Rescue Effort Brings Horses To Safety
A mare and her foal are rescued and safe thanks to the efforts of staff of the National Park Service, Kanab Veterinary Hospital and the Best Friends Animal Sanctuary.
The two horses were stranded on a beach in Navajo Canyon. Glen Canyon National Recreation Area staff had been monitoring and feeding the animals since June 7.
Park staff contacted a local veterinarian and together they assessed the horses and their situation. It was concluded that the two feral horses were trapped on the beach due to rising lake elevations and they had no way to escape on their own. Some theories as to why this occurred include the mare giving birth and a limited food supply that eventually ran out after Lake Powell water levels continued rising.
Horses are great swimmers, but for unknown reasons, the mare stayed on the beach until she was too weak to make the one-quarter mile swim with a newborn.
Even though the water level at Lake Powell has been rising at a steady pace, the two horses were not in any immediate danger. They had access to plenty of water and National Park Service personnel fed the horses hay while a plan was devised to safely remove the horses from the beach.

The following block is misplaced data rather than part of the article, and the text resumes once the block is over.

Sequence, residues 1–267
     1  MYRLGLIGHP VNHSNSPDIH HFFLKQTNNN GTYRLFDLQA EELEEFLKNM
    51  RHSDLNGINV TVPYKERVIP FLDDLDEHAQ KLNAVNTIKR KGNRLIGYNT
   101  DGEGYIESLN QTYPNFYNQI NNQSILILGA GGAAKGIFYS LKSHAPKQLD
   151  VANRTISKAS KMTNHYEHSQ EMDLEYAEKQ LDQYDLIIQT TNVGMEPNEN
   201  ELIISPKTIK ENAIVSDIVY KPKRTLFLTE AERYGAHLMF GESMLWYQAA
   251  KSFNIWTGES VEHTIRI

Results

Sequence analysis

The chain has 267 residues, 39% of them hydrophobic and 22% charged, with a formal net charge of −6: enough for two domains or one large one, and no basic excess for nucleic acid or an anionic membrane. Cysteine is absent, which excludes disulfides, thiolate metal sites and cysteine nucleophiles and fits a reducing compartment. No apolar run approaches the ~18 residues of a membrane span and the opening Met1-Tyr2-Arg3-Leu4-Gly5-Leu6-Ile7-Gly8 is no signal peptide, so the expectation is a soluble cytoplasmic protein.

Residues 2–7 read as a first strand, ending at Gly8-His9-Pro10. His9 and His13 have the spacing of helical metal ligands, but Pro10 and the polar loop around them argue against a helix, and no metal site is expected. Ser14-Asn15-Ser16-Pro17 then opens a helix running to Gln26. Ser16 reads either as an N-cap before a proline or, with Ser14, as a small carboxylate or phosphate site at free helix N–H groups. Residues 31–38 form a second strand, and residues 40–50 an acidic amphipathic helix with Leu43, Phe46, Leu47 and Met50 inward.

This is not typical, as park service staff generally do not interfere with wildlife or feral animals. As the beach, however, is a popular camp and recreation spot for boaters, the animals raised safety concerns for the public.
Several factors aligned to make the rescue possible, including the proximity to a marina, and the availability of an NPS vessel that could accommodate a horse trailer. The most important contributions to the rescue efforts were made thanks to the generosity of the Kanab Veterinary Hospital and Best Friends Animal Society’s Sanctuary in Kanab.
The two animals were sedated, and were then able to be moved in to that floating horse trailer.
Both horses are doing fine at the Best Friends Animal Sanctuary. After the filly is weaned, both horses will be available for adoption from Best Friends.